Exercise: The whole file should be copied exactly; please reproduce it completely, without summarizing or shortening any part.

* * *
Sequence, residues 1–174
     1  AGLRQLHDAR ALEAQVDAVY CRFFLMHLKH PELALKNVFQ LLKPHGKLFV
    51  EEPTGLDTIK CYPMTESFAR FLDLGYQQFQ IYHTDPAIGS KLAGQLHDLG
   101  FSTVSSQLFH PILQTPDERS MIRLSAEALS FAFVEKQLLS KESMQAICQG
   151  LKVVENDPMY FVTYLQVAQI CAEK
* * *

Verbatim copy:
Sequence, residues 1–174
     1  AGLRQLHDAR ALEAQVDAVY CRFFLMHLKH PELALKNVFQ LLKPHGKLFV
    51  EEPTGLDTIK CYPMTESFAR FLDLGYQQFQ IYHTDPAIGS KLAGQLHDLG
   101  FSTVSSQLFH PILQTPDERS MIRLSAEALS FAFVEKQLLS KESMQAICQG
   151  LKVVENDPMY FVTYLQVAQI CAEK